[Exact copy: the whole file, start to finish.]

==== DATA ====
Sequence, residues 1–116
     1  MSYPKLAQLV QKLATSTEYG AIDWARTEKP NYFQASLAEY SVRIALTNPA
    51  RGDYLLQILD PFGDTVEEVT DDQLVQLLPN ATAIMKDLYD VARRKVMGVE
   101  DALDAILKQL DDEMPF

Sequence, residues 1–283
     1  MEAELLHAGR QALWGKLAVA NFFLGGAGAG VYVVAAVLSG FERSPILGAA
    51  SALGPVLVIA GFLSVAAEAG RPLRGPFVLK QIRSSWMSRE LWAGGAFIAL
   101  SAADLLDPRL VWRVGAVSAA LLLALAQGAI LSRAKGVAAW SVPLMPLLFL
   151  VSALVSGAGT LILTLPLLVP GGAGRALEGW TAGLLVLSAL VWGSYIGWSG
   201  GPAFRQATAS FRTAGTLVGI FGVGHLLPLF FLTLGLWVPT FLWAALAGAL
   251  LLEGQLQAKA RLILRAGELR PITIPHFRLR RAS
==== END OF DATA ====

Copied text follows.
Sequence, residues 1–116
     1  MSYPKLAQLV QKLATSTEYG AIDWARTEKP NYFQASLAEY SVRIALTNPA
    51  RGDYLLQILD PFGDTVEEVT DDQLVQLLPN ATAIMKDLYD VARRKVMGVE
   101  DALDAILKQL DDEMPF

Sequence, residues 1–283
     1  MEAELLHAGR QALWGKLAVA NFFLGGAGAG VYVVAAVLSG FERSPILGAA
    51  SALGPVLVIA GFLSVAAEAG RPLRGPFVLK QIRSSWMSRE LWAGGAFIAL
   101  SAADLLDPRL VWRVGAVSAA LLLALAQGAI LSRAKGVAAW SVPLMPLLFL
   151  VSALVSGAGT LILTLPLLVP GGAGRALEGW TAGLLVLSAL VWGSYIGWSG
   201  GPAFRQATAS FRTAGTLVGI FGVGHLLPLF FLTLGLWVPT FLWAALAGAL
   251  LLEGQLQAKA RLILRAGELR PITIPHFRLR RAS